You can't just pump water over a cpu and expect to get better cooling than an apogee GTX for example. You have to experiment alot and try different designs if you want to even hope to beat a high-end commercial block with a design that's been researched and tested. So far this is Drysofar's first design and you're suggesting that it's ok if he goes ahead and permanently bonds the cpu to an untested cooler that may potentialy not perform so great.
It is like voltmodding as in they are both experimenting at the risk of damaging hardware.
There is the potential here to better any waterblock imaginable, as there is no thermal compound resistance at all. There is also no resistance from a waterblock either. Copper is a great conductor of heat, but it does not have zero resistance to heat, and does not absorb heat anywhere as fast as water does.
This sort of experimentation is courageous, and should only be given support, not comments like "i don't think that's a good idea"
I've personally been told that many times when attempting many different things, not just limited to pc's or electronics either, and every time i hear it, i tell that person to just watch and learn.
Jaydee from procooling.com undertook this project less than a month ago. Please take a look at his work: http://forums.procooling.com/vbb/showthread.php?t=14751
It's a simple design. As a cheap alternative to a commercial block it's pretty cool, but if you want to aim for better performance than a high-end copper block you will need to research and experiment with it a bit more than Jaydee has done.
Well that sucks Ill keep going till i get the one i have running just to see, maybe core2 cpu's have a better connection between actual silicone and the IHS, Im working up a design for a clamp on version which might be more versatile.
Jaydee did it well It's interesting to see the results, which aren't as good as i expected, but that definitely does not mean the experiment is not worthwhile or anything like that!
Better temps will definitely be had if the heatspreader is roughened up, not where the o-ring makes contact of course, but a modern cpu doesn't have to be abused to find out how much better it will be. It would be great to perform this experiment on an unwanted hot prescott system!
Ok here is what I came up with for a clamp-on. Read the bit about impingement and smaller jets so incorporated that.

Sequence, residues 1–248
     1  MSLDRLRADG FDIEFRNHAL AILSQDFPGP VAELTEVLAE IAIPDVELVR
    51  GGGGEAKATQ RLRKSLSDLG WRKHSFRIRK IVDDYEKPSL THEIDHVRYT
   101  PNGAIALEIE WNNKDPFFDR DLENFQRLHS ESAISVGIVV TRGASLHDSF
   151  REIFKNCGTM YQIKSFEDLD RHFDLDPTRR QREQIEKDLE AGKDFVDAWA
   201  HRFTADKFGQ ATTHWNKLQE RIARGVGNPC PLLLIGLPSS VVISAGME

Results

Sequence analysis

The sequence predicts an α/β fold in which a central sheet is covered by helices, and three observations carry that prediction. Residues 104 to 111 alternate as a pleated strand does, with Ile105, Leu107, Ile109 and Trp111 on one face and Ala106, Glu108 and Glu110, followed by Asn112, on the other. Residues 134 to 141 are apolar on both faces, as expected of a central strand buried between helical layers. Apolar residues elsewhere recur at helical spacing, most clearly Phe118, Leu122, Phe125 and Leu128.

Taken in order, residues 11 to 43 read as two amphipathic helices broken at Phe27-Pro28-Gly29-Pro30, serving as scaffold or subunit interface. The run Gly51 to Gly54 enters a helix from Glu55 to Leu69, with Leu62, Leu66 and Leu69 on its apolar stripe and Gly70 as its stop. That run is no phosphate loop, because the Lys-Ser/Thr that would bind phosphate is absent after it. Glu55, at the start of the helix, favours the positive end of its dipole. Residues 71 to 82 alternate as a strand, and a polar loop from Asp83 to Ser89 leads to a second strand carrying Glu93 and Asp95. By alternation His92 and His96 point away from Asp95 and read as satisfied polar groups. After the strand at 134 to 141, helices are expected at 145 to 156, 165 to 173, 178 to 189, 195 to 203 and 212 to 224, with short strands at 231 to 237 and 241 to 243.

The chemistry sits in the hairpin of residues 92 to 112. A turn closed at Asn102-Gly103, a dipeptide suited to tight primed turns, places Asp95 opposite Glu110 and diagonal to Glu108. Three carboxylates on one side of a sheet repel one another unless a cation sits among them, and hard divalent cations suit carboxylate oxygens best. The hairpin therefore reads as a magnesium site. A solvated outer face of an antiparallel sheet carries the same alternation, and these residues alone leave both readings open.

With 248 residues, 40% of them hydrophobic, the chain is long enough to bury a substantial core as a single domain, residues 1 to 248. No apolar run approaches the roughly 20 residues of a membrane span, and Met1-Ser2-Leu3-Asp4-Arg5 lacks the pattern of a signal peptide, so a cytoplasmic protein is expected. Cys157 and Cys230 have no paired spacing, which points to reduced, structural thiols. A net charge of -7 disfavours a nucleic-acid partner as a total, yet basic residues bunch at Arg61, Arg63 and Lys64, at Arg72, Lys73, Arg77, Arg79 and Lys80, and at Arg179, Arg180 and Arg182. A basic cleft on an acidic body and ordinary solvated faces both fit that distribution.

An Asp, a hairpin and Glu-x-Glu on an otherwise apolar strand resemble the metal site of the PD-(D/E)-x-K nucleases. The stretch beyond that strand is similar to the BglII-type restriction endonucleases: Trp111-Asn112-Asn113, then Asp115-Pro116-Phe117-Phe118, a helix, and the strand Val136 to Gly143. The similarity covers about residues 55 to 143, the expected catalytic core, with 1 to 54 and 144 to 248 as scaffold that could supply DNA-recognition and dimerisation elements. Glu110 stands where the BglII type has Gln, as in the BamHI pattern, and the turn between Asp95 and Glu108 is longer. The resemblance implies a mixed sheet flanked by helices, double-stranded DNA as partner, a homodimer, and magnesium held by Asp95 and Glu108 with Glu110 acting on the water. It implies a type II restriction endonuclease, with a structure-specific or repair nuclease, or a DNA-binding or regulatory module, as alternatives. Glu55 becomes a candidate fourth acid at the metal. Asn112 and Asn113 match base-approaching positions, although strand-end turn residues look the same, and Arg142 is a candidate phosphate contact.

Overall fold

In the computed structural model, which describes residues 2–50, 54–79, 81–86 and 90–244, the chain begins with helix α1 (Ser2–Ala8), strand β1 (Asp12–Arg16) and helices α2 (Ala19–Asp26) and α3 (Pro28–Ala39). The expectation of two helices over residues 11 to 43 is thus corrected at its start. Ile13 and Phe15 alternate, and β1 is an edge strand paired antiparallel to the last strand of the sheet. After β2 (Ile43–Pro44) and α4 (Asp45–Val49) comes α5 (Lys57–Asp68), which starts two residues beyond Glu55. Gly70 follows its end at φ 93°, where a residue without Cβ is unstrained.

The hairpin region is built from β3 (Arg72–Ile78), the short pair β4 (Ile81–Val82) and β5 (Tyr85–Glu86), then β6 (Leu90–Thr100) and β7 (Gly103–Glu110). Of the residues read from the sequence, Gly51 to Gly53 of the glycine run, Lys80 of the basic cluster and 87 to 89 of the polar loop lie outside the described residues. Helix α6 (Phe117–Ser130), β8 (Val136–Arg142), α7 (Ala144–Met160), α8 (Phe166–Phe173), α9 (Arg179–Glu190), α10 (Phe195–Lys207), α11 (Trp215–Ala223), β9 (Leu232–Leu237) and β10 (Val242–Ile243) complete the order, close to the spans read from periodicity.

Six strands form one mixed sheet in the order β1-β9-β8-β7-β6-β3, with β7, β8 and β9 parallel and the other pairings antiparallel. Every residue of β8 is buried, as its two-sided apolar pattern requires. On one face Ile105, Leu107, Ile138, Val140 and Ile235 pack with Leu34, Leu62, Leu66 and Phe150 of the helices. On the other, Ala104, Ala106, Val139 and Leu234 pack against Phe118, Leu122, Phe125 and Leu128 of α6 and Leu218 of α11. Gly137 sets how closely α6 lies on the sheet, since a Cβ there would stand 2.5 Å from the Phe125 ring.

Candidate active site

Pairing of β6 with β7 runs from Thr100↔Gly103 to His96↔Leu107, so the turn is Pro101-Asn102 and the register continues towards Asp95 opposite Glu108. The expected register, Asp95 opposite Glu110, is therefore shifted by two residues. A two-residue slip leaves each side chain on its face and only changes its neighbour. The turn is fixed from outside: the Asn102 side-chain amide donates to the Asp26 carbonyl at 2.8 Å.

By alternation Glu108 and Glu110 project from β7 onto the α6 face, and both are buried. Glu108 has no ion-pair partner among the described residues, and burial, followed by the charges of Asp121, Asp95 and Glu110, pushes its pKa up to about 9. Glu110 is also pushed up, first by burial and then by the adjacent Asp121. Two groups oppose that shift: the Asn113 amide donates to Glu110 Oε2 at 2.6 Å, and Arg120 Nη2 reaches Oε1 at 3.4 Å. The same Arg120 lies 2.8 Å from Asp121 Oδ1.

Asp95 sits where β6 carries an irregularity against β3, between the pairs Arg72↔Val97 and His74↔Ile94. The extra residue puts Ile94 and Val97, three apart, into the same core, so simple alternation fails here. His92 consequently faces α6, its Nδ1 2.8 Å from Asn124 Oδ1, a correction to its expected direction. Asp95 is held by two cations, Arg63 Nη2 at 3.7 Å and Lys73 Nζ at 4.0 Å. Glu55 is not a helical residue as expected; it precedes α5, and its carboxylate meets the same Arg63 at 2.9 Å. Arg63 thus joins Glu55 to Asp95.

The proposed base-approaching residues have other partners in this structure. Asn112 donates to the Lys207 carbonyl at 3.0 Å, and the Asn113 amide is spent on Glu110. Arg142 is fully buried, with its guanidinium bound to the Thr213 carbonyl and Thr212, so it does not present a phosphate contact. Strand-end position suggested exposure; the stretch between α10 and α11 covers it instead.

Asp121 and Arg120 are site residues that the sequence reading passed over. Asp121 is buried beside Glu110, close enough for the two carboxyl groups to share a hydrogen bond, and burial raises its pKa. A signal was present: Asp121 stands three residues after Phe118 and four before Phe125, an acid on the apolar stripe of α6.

How it sits on the board, could be mounted in any direction.
With the x-ray specs on
The main cavity and the outlet, showing the inlet holes
The inlet block, bolted and sealed on the end.
I havn't bothered to show the seal rings, but they would be there.
Good to see that you are gonna use an o-ring, which is the method i was supporting O-ring also removes much of the hassle with the small amounts of expansion & contraction & flexing, etc.
Maybe someone has tried this with something like a prescott, and actually roughened up the ihs. Without roughening up the ihs you can't hope to get significantly better results than jaydee did. I dunno why he didn't roughen up that ihs? It's such an old and cheap cpu, he had nothing to loose really, all the hard work was done! He said there was no point going any further, which is crazy talk! That's like saying it doesn't matter if the inside of a waterblock, has any fins or pins or anything to increase the surface area & interference or not.
You know, if you don't have a prescott or something that you can do the ihs modding on, then it's pretty cheap to grab one for butchering
Excellent design. Nicely done!
Made some revisions, added more holes to spread the cooling
done with cross mills, front and back.
waiting on a 2mm slot cutter so I can knock up a non virtual one.
Any ideas on the hold down force needed to compress o-rings the required ammount?
Awsome idea! I like that you've revised it with jet holes and the like but I think that the idea is to have jets directly over the die (even in a commercial water block).
Just an idea but some thing like so:
Ashamed to say it, but this was actually done in photoshop, but with very tacky paint techniques.
I'm too tired to have photoshoped it properly but I think that you get the Idea.